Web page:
A radical proposal to divide California into three separate states will appear on the ballot across the Golden State in November.
The California secretary of state's office on Tuesday certified that the ballot measure had received more than 402,468 valid signatures.
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"Therefore, pursuant to Elections Code section 9033, the initiative measure is eligible for the November 6, 2018, General Election ballot and all further signature verification can be terminated," the office announced.
Voters will now have to decide whether they approve of the measure to divide California into California, Northern California, and Southern California.
California would be a strip of six mostly coastal counties including Los Angeles and Santa Barbara; Northern California would be composed of 40 counties including the San Francisco Bay Area and Sacramento, the current state capital; and Southern California would contain 12 counties including San Diego and Fresno.
Most observers believe that even if the measure passed, it would still require California's legislature to approve it, in line with the U.S. Constitution's requirement that "no new state shall be formed or erected within the jurisdiction of any other state, nor any state be formed by the junction of two or more states, without the consent of the legislatures of the states concerned, as well as of the Congress."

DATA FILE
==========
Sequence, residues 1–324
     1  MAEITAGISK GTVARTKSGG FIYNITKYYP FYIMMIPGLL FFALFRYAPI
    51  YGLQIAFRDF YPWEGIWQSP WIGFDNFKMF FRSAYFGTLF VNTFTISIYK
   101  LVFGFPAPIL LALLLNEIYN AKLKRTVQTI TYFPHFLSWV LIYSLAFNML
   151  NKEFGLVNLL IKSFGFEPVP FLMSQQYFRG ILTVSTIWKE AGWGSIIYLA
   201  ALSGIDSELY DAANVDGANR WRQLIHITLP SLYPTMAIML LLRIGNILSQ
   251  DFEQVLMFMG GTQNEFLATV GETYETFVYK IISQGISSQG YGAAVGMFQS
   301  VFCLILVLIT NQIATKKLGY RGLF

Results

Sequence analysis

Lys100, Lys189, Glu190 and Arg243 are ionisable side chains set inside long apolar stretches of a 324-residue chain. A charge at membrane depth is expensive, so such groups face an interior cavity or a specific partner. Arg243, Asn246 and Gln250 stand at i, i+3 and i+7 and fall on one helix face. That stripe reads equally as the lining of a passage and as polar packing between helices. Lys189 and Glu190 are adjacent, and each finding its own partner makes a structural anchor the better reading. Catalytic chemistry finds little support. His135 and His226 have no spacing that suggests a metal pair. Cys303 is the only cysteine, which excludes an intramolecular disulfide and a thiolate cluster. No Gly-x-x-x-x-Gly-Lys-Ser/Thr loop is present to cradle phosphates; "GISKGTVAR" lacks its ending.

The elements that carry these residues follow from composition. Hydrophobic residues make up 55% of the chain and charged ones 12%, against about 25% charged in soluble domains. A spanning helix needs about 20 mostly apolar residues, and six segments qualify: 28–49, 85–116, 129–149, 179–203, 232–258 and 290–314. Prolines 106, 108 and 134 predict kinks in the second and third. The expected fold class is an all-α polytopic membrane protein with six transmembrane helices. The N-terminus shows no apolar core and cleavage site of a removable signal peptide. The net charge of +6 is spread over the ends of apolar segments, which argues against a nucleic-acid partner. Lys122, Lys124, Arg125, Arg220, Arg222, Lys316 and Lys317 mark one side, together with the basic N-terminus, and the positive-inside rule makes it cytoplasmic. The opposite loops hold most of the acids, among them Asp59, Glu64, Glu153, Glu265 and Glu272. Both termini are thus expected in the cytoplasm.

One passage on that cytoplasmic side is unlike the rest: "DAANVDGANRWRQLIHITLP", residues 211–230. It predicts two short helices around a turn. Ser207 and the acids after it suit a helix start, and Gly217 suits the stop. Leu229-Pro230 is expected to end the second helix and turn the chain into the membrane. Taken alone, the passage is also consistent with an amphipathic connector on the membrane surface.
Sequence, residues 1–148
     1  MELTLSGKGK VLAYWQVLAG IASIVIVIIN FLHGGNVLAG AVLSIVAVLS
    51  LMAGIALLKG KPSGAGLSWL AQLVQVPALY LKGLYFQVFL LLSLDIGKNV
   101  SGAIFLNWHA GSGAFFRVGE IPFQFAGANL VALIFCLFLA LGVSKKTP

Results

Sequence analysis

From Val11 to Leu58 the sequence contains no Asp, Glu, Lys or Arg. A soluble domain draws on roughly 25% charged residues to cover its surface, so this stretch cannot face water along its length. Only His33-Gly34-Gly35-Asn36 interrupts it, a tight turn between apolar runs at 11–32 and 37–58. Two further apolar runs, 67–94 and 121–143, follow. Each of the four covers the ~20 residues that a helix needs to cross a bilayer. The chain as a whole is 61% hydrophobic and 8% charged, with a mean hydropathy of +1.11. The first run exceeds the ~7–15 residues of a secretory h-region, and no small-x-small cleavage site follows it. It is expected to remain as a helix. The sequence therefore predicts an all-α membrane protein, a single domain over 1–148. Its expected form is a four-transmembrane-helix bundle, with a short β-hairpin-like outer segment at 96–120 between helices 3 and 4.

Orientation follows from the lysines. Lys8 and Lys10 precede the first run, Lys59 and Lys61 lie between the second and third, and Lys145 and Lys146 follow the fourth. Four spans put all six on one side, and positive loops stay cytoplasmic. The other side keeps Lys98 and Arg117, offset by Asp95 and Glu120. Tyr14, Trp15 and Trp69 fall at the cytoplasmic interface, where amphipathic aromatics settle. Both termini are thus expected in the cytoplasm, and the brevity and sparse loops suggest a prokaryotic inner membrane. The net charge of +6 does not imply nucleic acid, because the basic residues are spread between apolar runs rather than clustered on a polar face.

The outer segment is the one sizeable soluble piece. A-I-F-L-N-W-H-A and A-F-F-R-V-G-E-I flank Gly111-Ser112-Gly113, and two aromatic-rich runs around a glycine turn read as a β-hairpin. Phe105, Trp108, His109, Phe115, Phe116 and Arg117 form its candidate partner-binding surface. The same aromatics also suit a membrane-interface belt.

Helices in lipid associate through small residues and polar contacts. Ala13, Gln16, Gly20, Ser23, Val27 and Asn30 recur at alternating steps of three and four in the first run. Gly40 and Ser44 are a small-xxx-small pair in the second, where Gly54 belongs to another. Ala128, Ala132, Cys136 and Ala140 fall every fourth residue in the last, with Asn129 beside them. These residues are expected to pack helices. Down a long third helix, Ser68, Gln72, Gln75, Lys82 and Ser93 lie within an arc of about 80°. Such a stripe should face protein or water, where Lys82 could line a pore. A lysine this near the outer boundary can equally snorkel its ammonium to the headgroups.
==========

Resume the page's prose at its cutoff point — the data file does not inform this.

The ballot's leading backer, billionaire Silicon Valley investor Tim Draper, insists, however, that because the measure is using a process set up by the California constitution, the ballot measure alone would satisfy that requirement.
In any case, the U.S. Constitution requires that Congress then approve of the new states. There the measure would face an uphill battle, given that it effectively gives present-day California an additional four Senate seats and would end the Democratic lock of a state with 55 electoral votes.
Among other obstacles, a recent SurveyUSA poll found that only 17 percent of California voters support the "CAL3" plan.